Paul McCartney, Jeff Beck, Tommy Iommi and many other famous musicians of the second half of the 20th century recognized that it was Reinhard who had a deep influence on them, and his music became one of the sound symbols of the 1930s.
During the Second World War, music in Paris did not subside – on the contrary, jazz was the connection of the occupied Paris with the outside world, and after 1945 no tour of the titans of the style took place without a date in this city.
It is not surprising that jazz sounds here and today – be it the aforementioned golden triangle of Lombard street (Rue des Lombards), parks lawns during the Paris Jazz Festival in June – July or small basements where they are going to play and listen to music over a sandwich and a glass of wine. professionals and amateurs.
Cape Town (South Africa): Blood Call
The best time to visit Cape Town is for music lovers – the end of March and the beginning of April. It was at this time, at the end of the South African autumn, the most comfortable time for exploring the city, here is the Cape Town International Jazz Festival, the fourth largest in the world and the largest in Africa. Every year it starts with a free concert on the central street of Greenmarket Square.
Where to go for jazz, if not to the ancestral home of its creators, to Africa! The most suitable place for this today is Cape Town. This city is just like jazz: it is a fusion of various cultures: African, European, Asian, and the music sounds appropriate here. Moreover, the city is quite safe (in comparison with the rest of Africa) and in recent years attracts tourists not only with music, although there is enough music, especially jazz and especially in the days of the Cape Town International Jazz Festival.
In the afternoon, head to the Zeitz MOCAA Museum of Modern African Art (“African Tate Modern,” as the locals call it), take a stroll through the colorful Bo-Cap district, take a trip to the ocean beach or climb Table Mountain, and go to the clubs on Monday and Friday in Lounge 021 @ Swingers, where both African jazz and supranational experimental are played, on Tuesday – in Asoka, where excellent cuisine is served, and every Sunday afternoon on the veranda of Kloof Street House they give a free concert. On other days, Thuthuka Jazz Café, Jackson Hall and dozens of other places are waiting for you, where the most diverse jazz blends in perfectly with local wines.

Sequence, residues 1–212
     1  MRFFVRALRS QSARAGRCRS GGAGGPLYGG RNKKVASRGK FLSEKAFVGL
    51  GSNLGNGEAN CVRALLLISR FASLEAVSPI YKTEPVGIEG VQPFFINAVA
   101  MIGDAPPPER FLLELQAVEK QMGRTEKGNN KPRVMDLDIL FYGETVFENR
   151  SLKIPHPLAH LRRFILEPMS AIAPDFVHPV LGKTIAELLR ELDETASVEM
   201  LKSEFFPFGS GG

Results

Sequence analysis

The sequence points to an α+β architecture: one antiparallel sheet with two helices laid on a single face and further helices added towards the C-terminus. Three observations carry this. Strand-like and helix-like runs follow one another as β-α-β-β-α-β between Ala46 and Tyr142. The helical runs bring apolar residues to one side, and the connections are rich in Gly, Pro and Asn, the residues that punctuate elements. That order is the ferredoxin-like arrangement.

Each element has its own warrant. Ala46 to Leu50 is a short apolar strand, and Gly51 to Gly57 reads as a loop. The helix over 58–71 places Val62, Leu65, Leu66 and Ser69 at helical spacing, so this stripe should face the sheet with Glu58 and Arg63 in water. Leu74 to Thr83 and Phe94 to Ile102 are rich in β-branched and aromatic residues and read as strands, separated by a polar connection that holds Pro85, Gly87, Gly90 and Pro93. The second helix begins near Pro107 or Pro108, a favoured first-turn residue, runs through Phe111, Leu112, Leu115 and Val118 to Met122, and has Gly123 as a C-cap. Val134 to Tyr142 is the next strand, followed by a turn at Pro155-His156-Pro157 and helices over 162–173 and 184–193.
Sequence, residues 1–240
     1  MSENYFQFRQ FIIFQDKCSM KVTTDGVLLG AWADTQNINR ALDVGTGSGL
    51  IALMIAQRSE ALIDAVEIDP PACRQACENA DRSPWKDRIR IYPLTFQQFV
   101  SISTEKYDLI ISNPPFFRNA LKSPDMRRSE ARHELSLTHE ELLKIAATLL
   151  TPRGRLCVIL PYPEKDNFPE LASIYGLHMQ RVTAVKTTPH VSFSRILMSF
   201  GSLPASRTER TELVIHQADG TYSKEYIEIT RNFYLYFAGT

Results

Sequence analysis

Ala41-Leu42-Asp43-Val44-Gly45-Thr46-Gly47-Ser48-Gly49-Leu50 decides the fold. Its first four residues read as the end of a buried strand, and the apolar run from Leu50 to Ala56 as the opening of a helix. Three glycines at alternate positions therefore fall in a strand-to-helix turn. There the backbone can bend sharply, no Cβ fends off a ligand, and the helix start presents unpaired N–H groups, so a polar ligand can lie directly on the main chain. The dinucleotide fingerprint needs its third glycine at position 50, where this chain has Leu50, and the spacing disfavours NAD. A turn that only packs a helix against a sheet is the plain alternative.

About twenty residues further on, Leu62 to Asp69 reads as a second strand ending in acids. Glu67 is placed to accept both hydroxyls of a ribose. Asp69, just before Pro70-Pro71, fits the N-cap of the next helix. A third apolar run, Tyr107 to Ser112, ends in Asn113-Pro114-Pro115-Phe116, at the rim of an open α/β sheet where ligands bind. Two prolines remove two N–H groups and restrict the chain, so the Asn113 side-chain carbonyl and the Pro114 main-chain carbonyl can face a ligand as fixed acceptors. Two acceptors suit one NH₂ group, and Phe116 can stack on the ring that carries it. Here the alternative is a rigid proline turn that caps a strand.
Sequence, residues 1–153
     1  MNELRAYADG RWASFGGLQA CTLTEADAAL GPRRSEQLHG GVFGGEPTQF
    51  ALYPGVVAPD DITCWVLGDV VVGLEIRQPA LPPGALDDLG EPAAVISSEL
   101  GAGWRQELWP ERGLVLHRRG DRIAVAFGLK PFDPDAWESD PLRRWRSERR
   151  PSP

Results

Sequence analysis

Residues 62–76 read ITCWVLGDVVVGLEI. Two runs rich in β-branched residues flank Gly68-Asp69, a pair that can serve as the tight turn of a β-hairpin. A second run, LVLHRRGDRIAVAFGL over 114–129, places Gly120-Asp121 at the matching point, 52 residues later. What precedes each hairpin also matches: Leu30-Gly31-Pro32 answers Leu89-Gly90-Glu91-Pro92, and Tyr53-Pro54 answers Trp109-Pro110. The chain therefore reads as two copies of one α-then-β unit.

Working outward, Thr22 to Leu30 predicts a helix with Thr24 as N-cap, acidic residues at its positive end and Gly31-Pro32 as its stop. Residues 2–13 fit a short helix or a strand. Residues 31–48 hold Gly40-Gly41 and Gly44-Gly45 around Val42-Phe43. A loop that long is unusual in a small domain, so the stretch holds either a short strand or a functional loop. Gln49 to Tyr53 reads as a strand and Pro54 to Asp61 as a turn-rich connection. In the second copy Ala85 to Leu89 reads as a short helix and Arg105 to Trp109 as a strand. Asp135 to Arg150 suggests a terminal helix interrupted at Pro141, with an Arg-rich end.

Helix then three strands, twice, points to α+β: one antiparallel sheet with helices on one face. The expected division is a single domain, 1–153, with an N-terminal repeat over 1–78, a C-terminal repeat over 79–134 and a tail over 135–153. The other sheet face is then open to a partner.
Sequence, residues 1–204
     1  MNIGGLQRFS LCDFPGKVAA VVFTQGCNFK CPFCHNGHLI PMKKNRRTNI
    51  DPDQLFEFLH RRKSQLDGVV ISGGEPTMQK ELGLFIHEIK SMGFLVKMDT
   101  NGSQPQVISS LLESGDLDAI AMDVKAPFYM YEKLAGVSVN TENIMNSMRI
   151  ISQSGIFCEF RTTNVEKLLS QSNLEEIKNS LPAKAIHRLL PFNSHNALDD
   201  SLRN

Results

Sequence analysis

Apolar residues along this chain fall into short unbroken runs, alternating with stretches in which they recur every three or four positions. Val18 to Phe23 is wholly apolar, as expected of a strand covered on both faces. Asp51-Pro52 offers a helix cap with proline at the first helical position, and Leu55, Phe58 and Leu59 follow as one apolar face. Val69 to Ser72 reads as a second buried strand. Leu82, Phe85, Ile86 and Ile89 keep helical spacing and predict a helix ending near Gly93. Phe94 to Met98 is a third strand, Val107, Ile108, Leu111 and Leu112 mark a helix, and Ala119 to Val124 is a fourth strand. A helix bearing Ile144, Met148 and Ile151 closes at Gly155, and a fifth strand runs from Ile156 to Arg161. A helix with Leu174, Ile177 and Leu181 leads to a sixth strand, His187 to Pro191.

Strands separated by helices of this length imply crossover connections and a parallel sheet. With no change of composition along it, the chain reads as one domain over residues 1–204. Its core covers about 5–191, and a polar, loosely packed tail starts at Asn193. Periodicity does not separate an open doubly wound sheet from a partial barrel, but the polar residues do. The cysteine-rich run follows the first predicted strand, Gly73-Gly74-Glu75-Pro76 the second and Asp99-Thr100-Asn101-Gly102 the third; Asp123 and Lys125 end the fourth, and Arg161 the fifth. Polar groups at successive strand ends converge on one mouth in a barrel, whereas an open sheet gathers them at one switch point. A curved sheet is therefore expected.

Copenhagen (Denmark): dissenting opinion
Jazzhus Monmartre is the most famous jazz club of Copenhagen, but far from the only one. Residents of Scandinavia and, in particular, of Denmark love jazz and are proud of the contribution of their musicians to its development, and the Danish government even finances a special organization JazzDanmark that helps Danish jazzmen and promotes them on the European and world stage.
Scandinavian jazz is cold, sometimes shrill, aloof. It is considered to be a relatively new trend that began in the late 1960s and reached its heyday in the next decade, but the jazz as a whole came to the region early: in 1923 the Dane Valdermer Ayberg formed the first jazz orchestra, and a year later released the first jazz record in Denmark , and perhaps in the whole of Scandinavia.